# Uncertainty in $T$ from measuring $nT$

Suppose I wish to obtain the period of an oscillation, $T$, so I measure the time for $n$ oscillations to obtain $nT$. Suppose I use a stopwatch, so the quantity $nT$ has an uncertainty of around 0.1 seconds. How do I estimate the uncertainty in $T$?

Using the standard equation for propagating the error in $z = ax\pm b$, I'd get $\Delta T = (1/n)(\Delta (nT))$. However, I believe this is only valid when the measurements are independent, which here they're clearly not. This also implies the uncertainty would fall to zero if I took enough measurements: this doesn't seem intuitive, since there will always be some sampling uncertainty.

Is the best way to approach this to learn about a Bayesian approach, or can I still do something sensible with the traditional statistical techniques that I am familiar with?

$\delta (nT ) = \delta n *T + n * \delta T$

$\delta n = 0$

So,

$\delta (nT) = n* \delta T$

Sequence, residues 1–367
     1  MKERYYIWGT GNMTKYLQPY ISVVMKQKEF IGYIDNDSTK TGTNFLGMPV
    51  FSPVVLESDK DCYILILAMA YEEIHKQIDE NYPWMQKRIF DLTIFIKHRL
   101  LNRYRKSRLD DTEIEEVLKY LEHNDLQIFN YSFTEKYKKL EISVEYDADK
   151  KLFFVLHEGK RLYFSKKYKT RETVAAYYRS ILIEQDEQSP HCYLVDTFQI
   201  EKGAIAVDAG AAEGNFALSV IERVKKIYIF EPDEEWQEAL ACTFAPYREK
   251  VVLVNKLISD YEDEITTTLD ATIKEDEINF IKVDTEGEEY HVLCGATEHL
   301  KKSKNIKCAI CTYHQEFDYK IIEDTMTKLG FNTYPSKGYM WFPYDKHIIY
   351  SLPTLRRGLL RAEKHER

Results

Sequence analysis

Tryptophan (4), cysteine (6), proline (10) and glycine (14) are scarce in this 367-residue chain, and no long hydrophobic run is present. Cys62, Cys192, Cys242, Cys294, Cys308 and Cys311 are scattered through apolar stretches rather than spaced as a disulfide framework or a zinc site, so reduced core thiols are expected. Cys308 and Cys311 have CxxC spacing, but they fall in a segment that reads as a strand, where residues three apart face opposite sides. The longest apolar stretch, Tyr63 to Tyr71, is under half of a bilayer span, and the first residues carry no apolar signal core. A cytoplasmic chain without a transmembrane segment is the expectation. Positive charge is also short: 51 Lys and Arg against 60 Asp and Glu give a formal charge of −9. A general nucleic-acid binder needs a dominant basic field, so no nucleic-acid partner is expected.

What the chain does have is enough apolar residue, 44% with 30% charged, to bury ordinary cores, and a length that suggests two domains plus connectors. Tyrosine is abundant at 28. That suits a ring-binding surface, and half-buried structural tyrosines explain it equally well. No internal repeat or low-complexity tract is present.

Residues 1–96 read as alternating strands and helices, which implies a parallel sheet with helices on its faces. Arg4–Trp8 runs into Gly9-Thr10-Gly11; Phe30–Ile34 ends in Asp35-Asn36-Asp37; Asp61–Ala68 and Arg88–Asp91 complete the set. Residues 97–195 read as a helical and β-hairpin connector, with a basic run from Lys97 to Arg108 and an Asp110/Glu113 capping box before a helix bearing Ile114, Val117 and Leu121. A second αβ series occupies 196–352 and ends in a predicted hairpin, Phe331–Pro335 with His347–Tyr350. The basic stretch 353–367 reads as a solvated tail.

And therefore

$\delta T = \delta (nT) /n$

In other words, your error in $T$ is just your measured error divided by $n$. So your calculations were right. This makes an intuitive sense because if we imagine that the error in the measurement is constant, then for every oscillation we measure at once, the errors are also measured all together, and we assume that they add cumulatively.

• I would argue that $\delta n$ would not be equal to zero, since there is only a finite precision at which you can observe and react. – fibonatic Dec 4 '14 at 10:51
• Which is encompassed in $\delta T$. $n$ is simply a count of how many oscillations are being measured, and if you do the experiment properly, you're never unsure of how many oscillations you're measuring. You could make the opposite assumption, that $\delta T$ is zero and $\delta n$ is nonzero, although that's usually not helpful. But assuming them both to be non-zero just overcomplicates things and doesn't wind up being helpful at all. – MattS Dec 4 '14 at 16:47
• but it is always good to keep an openmind when it comes to error analysis and additional sources for errors from assumptions you have made. For instance when your stopwatch has an display accuracy of 1/100th of a second, it would be unrealistic to take that as to total contribution to the error. – fibonatic Dec 4 '14 at 16:54